Why anyone can make a sandcastle

February 11, 2008
X-ray Microtomography
X-ray microtomography of a dense fluid cluster consisting of spherical glass beads (0.8 millimeters in diameter). Credit: Max Planck Institute for Dynamics and Self-Organization

Anyone trying to build sandcastles on the beach will need some degree of skill and imagination, but not an instruction manual. The water content is actually relatively unimportant to the mechanical properties of the sand. This observation, which is borne out by precise measurements in the laboratory, puzzles researchers. Even with water content of just 3%, the fluid inside represents a highly-complex structure.

The mechanical stiffness of the wet sand remains practically constant with moisture ranging from less than 1% to well over 10%, although the fluid structure changes enormously internally. Researchers at the Max Planck Institute for Dynamics and Self-Organisation in Göttingen, the Australia National University in Canberra, the University of Erlangen, and the ESRF in Grenoble have studied the fluid structures in moist granules using x-ray microtomography to discover their laws (Nature Materials, online publication of February 10, 2008).

In medicine, x-ray microtomography is also known as computer tomography. Scientists x-ray an object from various angles to produce an outline image similar to a standard x-ray. A computer evaluates all of these images and determines which kind of three-dimensional structure the object must have to produce the outline images. When scientists use a bright x-ray source, such as the synchrotron source of radiation at the ESRF in Grenoble, computer tomography is produced with a resolution of thousandths of a millimetre. That is sufficient to resolve the tiny, highly-complex fluid structures that form in a moist granule, like inside a sandcastle for example.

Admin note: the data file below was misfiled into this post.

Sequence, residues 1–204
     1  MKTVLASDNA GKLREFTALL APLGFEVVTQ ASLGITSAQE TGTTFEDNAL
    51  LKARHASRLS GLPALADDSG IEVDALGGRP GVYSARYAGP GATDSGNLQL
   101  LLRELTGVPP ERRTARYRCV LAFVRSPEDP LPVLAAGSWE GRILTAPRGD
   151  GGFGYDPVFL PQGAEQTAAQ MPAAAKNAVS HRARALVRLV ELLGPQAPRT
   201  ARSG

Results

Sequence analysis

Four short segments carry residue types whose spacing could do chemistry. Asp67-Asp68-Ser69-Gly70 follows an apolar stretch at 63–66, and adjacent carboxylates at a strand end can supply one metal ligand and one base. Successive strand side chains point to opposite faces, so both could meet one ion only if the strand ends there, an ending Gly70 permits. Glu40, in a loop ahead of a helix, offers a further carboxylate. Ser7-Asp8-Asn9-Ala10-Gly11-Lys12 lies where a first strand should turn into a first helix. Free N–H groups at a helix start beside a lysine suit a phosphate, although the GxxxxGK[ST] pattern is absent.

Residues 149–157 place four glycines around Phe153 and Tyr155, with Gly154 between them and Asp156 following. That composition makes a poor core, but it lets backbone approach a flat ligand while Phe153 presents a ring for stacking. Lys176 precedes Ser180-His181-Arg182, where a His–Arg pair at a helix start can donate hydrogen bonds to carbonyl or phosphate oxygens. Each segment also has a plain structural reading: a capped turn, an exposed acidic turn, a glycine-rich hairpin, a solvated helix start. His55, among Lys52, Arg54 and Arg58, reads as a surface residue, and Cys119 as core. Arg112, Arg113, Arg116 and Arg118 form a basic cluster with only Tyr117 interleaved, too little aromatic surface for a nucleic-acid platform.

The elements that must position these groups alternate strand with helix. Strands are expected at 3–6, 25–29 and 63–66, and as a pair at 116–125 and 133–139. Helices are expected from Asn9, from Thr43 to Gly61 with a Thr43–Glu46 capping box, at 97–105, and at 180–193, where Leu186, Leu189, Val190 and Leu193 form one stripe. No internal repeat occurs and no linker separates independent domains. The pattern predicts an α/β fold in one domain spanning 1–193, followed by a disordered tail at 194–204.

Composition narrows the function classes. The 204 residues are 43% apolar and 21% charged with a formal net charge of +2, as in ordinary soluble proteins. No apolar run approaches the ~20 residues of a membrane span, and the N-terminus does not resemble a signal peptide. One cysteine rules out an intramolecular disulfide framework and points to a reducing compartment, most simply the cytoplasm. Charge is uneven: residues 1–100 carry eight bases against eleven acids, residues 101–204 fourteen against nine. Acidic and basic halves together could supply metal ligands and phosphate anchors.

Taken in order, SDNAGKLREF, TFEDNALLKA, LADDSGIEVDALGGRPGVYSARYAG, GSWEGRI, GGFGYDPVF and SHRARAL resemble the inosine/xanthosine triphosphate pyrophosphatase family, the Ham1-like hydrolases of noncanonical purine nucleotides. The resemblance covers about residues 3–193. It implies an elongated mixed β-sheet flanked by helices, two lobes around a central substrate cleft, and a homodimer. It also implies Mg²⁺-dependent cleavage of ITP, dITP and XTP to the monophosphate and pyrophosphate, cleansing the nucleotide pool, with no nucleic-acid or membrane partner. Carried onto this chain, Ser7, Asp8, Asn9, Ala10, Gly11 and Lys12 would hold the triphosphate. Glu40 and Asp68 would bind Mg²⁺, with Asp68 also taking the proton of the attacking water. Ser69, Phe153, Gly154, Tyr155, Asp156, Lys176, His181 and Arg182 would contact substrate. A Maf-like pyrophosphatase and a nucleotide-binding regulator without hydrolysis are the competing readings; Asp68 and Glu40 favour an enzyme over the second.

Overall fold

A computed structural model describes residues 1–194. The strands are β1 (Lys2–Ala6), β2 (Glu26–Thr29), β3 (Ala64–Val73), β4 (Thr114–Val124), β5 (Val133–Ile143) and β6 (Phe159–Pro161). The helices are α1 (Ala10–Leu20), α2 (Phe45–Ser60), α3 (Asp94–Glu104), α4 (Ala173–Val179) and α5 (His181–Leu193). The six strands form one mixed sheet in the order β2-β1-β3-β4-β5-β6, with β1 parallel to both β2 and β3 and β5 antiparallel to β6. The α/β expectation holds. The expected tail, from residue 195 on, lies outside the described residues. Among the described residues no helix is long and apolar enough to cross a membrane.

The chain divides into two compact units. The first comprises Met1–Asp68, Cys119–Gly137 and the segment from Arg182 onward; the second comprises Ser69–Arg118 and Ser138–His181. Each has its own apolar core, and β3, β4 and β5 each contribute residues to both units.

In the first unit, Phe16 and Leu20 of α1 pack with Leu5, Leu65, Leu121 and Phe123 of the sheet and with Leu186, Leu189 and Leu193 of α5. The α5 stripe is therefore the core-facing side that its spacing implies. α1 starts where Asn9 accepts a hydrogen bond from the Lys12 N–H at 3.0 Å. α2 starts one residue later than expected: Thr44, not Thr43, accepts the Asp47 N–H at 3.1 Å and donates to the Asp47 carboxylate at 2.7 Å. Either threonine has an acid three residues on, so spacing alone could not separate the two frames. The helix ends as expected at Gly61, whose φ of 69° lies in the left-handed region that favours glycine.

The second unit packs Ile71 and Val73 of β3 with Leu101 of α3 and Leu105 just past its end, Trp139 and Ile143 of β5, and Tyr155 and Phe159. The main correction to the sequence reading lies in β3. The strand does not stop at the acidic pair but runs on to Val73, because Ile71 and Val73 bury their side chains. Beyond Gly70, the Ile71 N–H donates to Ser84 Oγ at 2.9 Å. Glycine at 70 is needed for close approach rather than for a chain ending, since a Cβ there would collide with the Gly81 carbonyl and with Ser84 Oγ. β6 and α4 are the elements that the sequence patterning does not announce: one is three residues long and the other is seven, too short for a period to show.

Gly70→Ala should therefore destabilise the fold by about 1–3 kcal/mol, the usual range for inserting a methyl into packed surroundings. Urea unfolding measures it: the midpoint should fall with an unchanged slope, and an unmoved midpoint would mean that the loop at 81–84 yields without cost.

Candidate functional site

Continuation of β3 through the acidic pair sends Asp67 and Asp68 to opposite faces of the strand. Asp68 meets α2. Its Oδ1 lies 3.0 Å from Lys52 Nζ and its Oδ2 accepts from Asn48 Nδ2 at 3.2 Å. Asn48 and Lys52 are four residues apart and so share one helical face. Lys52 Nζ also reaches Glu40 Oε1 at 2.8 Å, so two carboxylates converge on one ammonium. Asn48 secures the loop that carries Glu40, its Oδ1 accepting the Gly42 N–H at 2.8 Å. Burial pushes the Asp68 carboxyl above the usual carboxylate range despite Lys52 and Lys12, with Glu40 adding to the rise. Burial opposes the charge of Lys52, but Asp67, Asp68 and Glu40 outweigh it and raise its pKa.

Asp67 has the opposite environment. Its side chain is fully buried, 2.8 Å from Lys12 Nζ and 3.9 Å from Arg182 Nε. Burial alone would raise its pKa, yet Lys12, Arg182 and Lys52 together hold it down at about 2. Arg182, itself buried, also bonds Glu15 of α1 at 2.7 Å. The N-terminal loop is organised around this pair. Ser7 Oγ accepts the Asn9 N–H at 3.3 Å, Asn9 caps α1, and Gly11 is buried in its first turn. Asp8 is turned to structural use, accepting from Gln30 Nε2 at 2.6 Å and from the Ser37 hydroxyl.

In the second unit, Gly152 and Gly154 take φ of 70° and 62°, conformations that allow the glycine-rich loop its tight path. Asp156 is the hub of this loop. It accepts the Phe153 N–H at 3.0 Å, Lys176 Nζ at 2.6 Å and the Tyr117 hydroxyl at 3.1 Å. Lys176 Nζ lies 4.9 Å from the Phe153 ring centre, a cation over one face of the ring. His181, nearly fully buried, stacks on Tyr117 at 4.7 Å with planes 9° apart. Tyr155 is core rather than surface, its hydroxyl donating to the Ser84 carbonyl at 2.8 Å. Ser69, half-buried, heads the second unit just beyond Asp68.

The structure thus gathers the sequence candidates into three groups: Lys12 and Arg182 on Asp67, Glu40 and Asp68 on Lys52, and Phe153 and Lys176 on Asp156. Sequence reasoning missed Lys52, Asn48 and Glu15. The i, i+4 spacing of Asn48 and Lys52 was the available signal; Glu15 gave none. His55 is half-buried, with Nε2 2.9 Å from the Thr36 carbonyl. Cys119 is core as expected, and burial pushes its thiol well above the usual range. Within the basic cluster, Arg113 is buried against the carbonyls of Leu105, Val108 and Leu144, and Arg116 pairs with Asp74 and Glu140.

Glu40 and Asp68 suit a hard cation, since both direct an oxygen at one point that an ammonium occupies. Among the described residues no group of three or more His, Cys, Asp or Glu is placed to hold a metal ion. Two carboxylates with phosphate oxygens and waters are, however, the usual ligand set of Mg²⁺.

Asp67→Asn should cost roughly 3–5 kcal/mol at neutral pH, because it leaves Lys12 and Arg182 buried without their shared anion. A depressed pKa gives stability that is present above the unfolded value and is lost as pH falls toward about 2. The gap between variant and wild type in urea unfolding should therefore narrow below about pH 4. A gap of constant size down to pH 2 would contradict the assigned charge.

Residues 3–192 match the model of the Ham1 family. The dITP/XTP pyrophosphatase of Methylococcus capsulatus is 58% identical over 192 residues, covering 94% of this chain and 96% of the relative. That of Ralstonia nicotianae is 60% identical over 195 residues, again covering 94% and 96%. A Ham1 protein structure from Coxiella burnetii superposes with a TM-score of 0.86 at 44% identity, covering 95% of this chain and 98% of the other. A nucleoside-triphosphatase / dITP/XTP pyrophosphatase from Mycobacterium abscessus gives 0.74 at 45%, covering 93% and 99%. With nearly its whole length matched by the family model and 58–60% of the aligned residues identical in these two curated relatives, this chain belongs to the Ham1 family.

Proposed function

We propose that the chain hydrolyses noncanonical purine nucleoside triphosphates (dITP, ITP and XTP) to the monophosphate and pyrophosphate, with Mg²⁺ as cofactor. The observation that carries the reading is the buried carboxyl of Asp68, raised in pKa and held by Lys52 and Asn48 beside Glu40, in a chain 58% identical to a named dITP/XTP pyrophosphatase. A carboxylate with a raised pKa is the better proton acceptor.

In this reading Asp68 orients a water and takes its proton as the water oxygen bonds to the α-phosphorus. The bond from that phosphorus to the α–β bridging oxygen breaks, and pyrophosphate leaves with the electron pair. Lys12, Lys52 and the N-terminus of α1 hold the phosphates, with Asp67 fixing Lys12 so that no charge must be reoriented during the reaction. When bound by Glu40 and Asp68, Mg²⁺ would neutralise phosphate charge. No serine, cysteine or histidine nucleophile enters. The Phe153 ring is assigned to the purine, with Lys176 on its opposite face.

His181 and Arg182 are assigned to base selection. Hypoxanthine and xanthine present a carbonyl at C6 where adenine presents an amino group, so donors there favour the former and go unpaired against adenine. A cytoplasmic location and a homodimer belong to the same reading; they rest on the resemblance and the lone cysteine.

What the research team saw was initially quite astonishing. The fluid did not fully push through the granulate structure and therefore did not force the air out of the interstitial space. More significantly, a filigree structure emerged in which the fluid, grains and air existed equally side by side. The reason for this is easy to understand. As the fluid moistens the grains (it would not otherwise be possible to get them into the granule), it tries to surround itself with as much "grain" as possible. This is best achieved at the points of contact where two grains touch. The "empty" space in between is relatively unattractive for the fluid and fills with air.

When the Göttingen scientists then carried out a more exact study of the geometry of these filigree fluid structures, they established that not only did they all have the same pressure, but that the pressure had to be independent of the fluid content. This explains the universal stiffness of the material. The equal pressure corresponds to an equal force inside and therefore results in the moist granules having the same mechanical properties.

"These properties are not only significant to the building of sandcastles," said Stephan Herminghaus, the head of the study. "They are relevant to the pharmaceutical and food-production industries and help us to understand certain natural catastrophes, such as landslides. Wet granules are relevant in many fields and we now have a better understanding of their mechanical properties."

Citation: M. Scheel, R. Seemann, M. Brinkmann, M. DiMichiel, A. Sheppard, B. Breidenbach, S. Herminghaus, Morphological clues to wet granular pile stability, Nature Materials, March edition 2008

Source: Max-Planck-Gesellschaft

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LearmSceince
not rated yet Feb 11, 2008
Salt water complicates things.
Wicked
not rated yet Feb 12, 2008
These poor physicists can't seem to enjoy their beach vacation without modeling something.

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